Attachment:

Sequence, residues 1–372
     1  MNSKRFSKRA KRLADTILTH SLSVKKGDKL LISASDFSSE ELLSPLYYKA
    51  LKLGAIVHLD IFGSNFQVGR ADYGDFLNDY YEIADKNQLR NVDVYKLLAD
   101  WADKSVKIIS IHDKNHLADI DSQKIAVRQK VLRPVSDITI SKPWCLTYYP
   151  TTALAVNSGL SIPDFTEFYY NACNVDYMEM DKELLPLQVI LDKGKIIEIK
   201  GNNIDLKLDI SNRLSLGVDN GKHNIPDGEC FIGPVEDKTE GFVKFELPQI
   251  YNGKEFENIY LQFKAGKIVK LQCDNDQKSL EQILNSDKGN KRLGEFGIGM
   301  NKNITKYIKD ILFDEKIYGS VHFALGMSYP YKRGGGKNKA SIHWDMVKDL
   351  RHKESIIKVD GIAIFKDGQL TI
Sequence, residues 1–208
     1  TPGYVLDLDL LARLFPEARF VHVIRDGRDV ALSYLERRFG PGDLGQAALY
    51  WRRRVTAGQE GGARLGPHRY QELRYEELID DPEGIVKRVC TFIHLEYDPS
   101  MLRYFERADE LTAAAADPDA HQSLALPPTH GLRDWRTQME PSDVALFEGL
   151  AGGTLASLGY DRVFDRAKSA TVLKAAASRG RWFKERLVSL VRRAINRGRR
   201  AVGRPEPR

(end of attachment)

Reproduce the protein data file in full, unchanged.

Sequence, residues 1–372
     1  MNSKRFSKRA KRLADTILTH SLSVKKGDKL LISASDFSSE ELLSPLYYKA
    51  LKLGAIVHLD IFGSNFQVGR ADYGDFLNDY YEIADKNQLR NVDVYKLLAD
   101  WADKSVKIIS IHDKNHLADI DSQKIAVRQK VLRPVSDITI SKPWCLTYYP
   151  TTALAVNSGL SIPDFTEFYY NACNVDYMEM DKELLPLQVI LDKGKIIEIK
   201  GNNIDLKLDI SNRLSLGVDN GKHNIPDGEC FIGPVEDKTE GFVKFELPQI
   251  YNGKEFENIY LQFKAGKIVK LQCDNDQKSL EQILNSDKGN KRLGEFGIGM
   301  NKNITKYIKD ILFDEKIYGS VHFALGMSYP YKRGGGKNKA SIHWDMVKDL
   351  RHKESIIKVD GIAIFKDGQL TI
Sequence, residues 1–208
     1  TPGYVLDLDL LARLFPEARF VHVIRDGRDV ALSYLERRFG PGDLGQAALY
    51  WRRRVTAGQE GGARLGPHRY QELRYEELID DPEGIVKRVC TFIHLEYDPS
   101  MLRYFERADE LTAAAADPDA HQSLALPPTH GLRDWRTQME PSDVALFEGL
   151  AGGTLASLGY DRVFDRAKSA TVLKAAASRG RWFKERLVSL VRRAINRGRR
   201  AVGRPEPR